Extending Tekkotsu to New Platforms

Sensor Input and the EPoll Server

In order to perform cognitive robotics, the robot needs to be able to receive input from the world in order to interact meaningfully with it. We didn't have a camera that we could use, although that should be straightforward (just a matter of controlling it from Linux and getting its input to the right place in the Tekkotsu pipeline). We did have a force sensor that connects to the controller board that we are using with the arm. However, this is not nearly as simple to get working as one would think. The board doesn't simply broadcast the value of the force sensor at regular intervals. Instead, it must be polled, and this support does not yet exist in Tekkotsu. However, once Ethan adds the necessary hooks to the simulator core, the force sensor should be accessible just as any sensor on the Aibo is. Of course, the current values of the servos will never be known because of the one-way communication (and resultant P control).

So, we have an arm that is blind, has no idea where it is, and unable to reach for objects even if it could see them. How can we do cognitive robotics on such a piece of equipment?

We've constructed a new background behavior for Tekkotsu that we call the EPoll server. EPollServiceBehavior.h exposes the epoll(7) interface to its clients and will dispatch events on a per-file descriptor basis. The file EventBase.diff introduces a new EGID for this server.  The source ID is the FD in question.  The type is activate or deactivate for adding & removing FDs from the server's watched set; status is used to signal that one or more of the conditions requested are met. It spawns a pthread to do the actual waiting, allowing the rest of Tekkotsu to continue uninterrupted.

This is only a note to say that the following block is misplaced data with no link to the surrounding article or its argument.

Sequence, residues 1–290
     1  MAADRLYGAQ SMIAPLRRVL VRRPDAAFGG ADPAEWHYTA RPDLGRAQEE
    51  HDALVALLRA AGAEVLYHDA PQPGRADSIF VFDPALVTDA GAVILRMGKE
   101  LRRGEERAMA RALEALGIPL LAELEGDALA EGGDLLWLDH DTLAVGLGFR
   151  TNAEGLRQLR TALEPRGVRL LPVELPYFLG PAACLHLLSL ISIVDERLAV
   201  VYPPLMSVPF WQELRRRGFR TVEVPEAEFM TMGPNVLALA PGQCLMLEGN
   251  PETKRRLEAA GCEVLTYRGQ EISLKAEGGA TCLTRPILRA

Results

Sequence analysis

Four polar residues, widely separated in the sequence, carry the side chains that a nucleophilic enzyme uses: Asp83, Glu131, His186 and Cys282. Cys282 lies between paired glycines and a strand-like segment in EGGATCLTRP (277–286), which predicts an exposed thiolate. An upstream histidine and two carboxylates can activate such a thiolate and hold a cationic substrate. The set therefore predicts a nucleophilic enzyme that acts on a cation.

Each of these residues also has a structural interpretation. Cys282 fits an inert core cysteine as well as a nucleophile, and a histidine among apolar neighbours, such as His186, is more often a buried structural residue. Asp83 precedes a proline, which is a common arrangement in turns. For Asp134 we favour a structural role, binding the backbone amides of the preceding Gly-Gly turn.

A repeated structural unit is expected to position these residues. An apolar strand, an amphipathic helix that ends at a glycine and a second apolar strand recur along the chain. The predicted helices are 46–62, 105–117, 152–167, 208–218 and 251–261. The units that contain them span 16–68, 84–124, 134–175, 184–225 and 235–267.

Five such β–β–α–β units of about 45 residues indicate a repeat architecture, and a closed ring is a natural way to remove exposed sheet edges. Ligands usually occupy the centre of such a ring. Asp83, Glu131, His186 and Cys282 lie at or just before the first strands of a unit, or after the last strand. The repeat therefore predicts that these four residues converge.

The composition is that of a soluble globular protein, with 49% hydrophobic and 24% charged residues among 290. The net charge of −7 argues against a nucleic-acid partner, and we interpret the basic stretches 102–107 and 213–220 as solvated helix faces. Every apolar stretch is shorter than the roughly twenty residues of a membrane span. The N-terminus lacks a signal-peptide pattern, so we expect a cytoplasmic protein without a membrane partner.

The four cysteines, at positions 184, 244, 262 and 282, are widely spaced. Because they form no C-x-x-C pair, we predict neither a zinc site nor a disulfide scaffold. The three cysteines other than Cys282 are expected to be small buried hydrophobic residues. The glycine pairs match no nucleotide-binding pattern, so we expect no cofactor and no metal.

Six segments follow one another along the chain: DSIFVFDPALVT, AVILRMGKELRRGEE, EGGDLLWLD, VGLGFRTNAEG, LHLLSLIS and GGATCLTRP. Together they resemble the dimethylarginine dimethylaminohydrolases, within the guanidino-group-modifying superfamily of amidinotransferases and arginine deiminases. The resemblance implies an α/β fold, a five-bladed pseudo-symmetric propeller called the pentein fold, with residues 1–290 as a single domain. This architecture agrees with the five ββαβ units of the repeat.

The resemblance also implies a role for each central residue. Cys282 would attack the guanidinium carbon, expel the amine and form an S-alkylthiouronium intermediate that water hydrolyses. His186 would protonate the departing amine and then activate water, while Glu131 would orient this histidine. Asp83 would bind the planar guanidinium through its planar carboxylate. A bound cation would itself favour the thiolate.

As a result, we can now construct blocking services, such as our sample NetworkMotionServer.h. Essentially, it is a version of ControllerGUI that has no GUI. It uses an extremely simple (and inelegant) protocol, but it works as a demo of how one could use the EPollServiceBehavior interface in order to write a real application. It listens for UDP packets on port 15000. The commands are case-sensitive. More than one client may be connected at once, but this is not necessarily useful at the moment. Here's a sample transcript of an exchange between client and server. <-- denotes data being sent to the server, and --> denotes data being sent back to the client.

There is an immediate ping/pong for testing server liveness:
One can get forward kinematics data per link (FK link#):
<- FK 3
-> FK 3 ROW 0 : 1.000000E+00 0.000000E+00 0.000000E+00 1.540000E+02
-> FK 3 ROW 1 : 0.000000E+00 -4.371139E-08 -1.000000E+00 -6.731554E-06
-> FK 3 ROW 2 : 0.000000E+00 1.000000E+00 -4.371139E-08 2.340000E+02
-> FK 3 ROW 3 : 0.000000E+00 0.000000E+00 0.000000E+00 1.000000E+00
Or ask the arm to run motion sequences (RUNMS filename):
<- RUNMS arm_pickup_move.mot
[delay while arm runs]
Or solve point-wise inverse kinematics (orientation-aware inverse kinematics are not yet available) (IKP link X Y Z):
<- IKP 4 1.0 1.0 1.0
[delay while arm runs]
The MOTMANREG messages serve to tell the client which ID is associated with the command just sent and is dispatched before the server reenters the command loop.  MOTMANRESP messages are served from the event processing framework (similar, in a sense, to the telepathy endeavor) to the client which requested the particular command.

It is our hope that this will serve as an interface between the arm and other devices (like the Aibo) that are capable of sensory input, allowing meaningful cognitive robotics to be performed with the arm. Even if the arm is only capable of motion sequences at the moment, basic state machines could be constructed with the Aibo and the arm cooperating to play a game or something to that effect. Sadly, we did not have quite enough time to implement Tic-Tac-Toe, our original idea.

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